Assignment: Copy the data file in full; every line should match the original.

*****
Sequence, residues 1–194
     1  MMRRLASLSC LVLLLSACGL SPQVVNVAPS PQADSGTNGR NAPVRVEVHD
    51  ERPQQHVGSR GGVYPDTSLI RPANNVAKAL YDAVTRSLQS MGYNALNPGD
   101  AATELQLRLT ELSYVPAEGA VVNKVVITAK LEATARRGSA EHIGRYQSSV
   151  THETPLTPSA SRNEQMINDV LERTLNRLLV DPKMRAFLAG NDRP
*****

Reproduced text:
Sequence, residues 1–194
     1  MMRRLASLSC LVLLLSACGL SPQVVNVAPS PQADSGTNGR NAPVRVEVHD
    51  ERPQQHVGSR GGVYPDTSLI RPANNVAKAL YDAVTRSLQS MGYNALNPGD
   101  AATELQLRLT ELSYVPAEGA VVNKVVITAK LEATARRGSA EHIGRYQSSV
   151  THETPLTPSA SRNEQMINDV LERTLNRLLV DPKMRAFLAG NDRP